Gearbox Field Inspection – Part II:
Lubrication Date/time is to be determined
Both the operator and designer must consider gear tribology. In this second part of the series, the focus is placed on lubrication.
- Provide an overview of elastohydrodynamic lubrication (EHL).
- Discuss how pitting and scuffing are the primary failure modes influenced by lubrication.
- Describe how the operator can discern the difference between primary and secondary modes of failure.
- Provide information on the choice of lubricants and their characteristics.
- Give examples of how the choice of lubricant affects the life of the gear unit.
- Identify the effects of antiscuff (AS) additives (formerly known as extreme pressure or EP).
Gearbox Field Inspection – Part III:
Condition Monitoring Date/time is to be determined
Gearbox diagnostics and service are critical to the field inspection process. In this third part of the series, these concepts will be explored in depth.
- Discuss audio and visual gearbox diagnostic techniques.
- Provide information for interpreting and understanding the results
- of the oil analysis.
- Identify the three types of maintenance programs: reactive, preventative, and predictive.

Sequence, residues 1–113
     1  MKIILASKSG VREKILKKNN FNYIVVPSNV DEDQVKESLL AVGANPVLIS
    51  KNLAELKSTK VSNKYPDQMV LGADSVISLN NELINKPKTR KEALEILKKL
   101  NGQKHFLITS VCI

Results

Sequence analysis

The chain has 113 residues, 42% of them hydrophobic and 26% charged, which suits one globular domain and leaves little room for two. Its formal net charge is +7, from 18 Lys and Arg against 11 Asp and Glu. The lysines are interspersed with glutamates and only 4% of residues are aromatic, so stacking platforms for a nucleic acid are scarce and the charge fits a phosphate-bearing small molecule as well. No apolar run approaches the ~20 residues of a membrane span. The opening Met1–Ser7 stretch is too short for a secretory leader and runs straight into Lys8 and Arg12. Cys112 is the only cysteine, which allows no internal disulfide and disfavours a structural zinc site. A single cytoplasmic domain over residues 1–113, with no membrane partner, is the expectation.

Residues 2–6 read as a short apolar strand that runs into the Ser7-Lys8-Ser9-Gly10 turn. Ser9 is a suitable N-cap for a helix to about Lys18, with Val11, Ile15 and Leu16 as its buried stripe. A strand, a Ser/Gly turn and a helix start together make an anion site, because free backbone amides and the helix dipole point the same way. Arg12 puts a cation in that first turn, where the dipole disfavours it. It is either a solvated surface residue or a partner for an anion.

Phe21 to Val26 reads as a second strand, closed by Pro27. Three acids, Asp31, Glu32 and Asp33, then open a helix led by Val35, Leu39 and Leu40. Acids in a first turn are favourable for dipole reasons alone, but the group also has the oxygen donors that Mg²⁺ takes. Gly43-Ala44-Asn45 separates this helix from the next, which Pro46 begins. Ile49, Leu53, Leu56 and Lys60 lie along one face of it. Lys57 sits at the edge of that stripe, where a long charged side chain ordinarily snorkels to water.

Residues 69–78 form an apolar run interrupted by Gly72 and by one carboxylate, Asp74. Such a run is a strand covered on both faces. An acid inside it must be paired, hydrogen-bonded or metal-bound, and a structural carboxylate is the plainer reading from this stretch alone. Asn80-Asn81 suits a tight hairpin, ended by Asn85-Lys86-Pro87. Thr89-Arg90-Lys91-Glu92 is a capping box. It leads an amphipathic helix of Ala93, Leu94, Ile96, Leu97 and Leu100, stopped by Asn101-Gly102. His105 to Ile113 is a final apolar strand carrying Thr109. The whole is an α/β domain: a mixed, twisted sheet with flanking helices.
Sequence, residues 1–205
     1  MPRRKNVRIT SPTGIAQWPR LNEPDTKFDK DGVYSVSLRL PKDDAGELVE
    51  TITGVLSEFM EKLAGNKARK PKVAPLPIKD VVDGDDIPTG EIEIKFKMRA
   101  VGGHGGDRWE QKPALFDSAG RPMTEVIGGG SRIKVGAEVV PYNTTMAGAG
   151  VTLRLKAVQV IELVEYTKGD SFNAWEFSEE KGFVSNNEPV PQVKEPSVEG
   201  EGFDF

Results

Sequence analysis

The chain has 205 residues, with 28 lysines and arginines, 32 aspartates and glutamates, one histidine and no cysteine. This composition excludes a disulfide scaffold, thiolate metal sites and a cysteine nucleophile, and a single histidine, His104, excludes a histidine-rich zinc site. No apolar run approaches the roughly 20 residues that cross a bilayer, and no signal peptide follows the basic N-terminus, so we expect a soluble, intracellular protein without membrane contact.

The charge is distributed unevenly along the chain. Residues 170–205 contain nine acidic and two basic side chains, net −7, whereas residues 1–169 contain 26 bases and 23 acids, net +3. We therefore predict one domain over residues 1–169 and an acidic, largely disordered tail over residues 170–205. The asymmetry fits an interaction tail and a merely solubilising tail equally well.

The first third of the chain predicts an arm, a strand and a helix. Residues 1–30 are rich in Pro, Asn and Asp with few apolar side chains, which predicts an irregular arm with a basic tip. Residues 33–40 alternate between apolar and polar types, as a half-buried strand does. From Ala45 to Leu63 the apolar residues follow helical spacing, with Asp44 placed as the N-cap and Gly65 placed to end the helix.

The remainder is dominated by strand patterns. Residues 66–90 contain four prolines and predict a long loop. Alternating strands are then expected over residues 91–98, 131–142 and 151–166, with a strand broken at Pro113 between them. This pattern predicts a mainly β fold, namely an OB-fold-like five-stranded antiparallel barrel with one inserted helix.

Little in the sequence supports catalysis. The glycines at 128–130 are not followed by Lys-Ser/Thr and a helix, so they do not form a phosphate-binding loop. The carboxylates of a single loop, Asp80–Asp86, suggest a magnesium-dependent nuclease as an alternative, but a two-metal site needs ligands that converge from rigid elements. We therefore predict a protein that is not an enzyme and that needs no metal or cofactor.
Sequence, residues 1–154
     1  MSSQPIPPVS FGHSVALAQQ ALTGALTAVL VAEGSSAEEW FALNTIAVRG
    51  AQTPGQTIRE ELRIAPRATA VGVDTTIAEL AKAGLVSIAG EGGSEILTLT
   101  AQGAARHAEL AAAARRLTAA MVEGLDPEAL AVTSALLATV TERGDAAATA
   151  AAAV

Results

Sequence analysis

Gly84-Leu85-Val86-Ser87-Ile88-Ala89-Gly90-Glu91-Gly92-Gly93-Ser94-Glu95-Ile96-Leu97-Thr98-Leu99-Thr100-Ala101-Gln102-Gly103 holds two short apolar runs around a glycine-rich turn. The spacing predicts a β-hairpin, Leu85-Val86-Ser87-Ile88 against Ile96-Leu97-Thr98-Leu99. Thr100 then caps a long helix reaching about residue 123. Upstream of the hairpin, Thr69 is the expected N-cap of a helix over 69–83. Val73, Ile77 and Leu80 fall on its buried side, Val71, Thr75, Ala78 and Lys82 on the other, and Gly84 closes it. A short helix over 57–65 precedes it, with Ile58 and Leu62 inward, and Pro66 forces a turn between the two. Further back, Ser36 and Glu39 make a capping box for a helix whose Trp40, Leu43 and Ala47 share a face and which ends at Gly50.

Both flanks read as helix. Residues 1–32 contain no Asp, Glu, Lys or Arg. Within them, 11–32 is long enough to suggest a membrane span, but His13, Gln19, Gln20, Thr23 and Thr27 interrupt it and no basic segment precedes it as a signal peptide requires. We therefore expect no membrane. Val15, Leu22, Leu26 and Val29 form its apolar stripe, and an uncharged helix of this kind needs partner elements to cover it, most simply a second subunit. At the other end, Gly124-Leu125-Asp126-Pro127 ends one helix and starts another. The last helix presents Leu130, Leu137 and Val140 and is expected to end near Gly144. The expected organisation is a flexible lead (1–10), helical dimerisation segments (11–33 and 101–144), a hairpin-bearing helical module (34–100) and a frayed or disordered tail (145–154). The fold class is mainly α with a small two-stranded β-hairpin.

- Review service concepts as it relates to preventative gear maintenance.
John B. Amendola is the chief executive officer of Artec Machine Systems where he has been working for 43 years. Prior to that, he was with Western Gear, Texaco, and Boeing Company. He is currently an active member of the AGMA Technical Division Executive Committee (TDEC), active chairman of the AGMA Enclosed High Speed Units Committee, and active chairman of U.S. TAG to ISO TC 60. He holds a Bachelor of Science in mechanical engineering from Villanova University and a Master of Science in mechanical engineering from Brooklyn Polytechnical Institute.
John B. Amendola III is the president of Artec Machine Systems where he has been working for 22 years. Prior to that, he spent one year at Maag Gear in Zurich, Switzerland, with the assembly, testing, and field services group for high-speed gear applications, and two years at SUNY Maritime College as assistant professor of the engineering department, training engineering undergrads in marine/mechanical operations. He is an active member of the AGMA Helical Gear Rating Committee and holds a Bachelor of Science in marine engineering from Maine Maritime and a professional engineering license for mechanical engineering. Amendola III also maintains a United States Coast Guard (USCG) unlimited license as a senior marine engineering officer and a retired commander of the U.S. Navy Reserve.
Dereck Yatzook is a mechanical engineer with a BSME from University of New Haven. He has been employed at Artec for the past 14 years and is currently the manager of contract engineering. Yatzook is an active member of the AGMA Metallurgical Committee.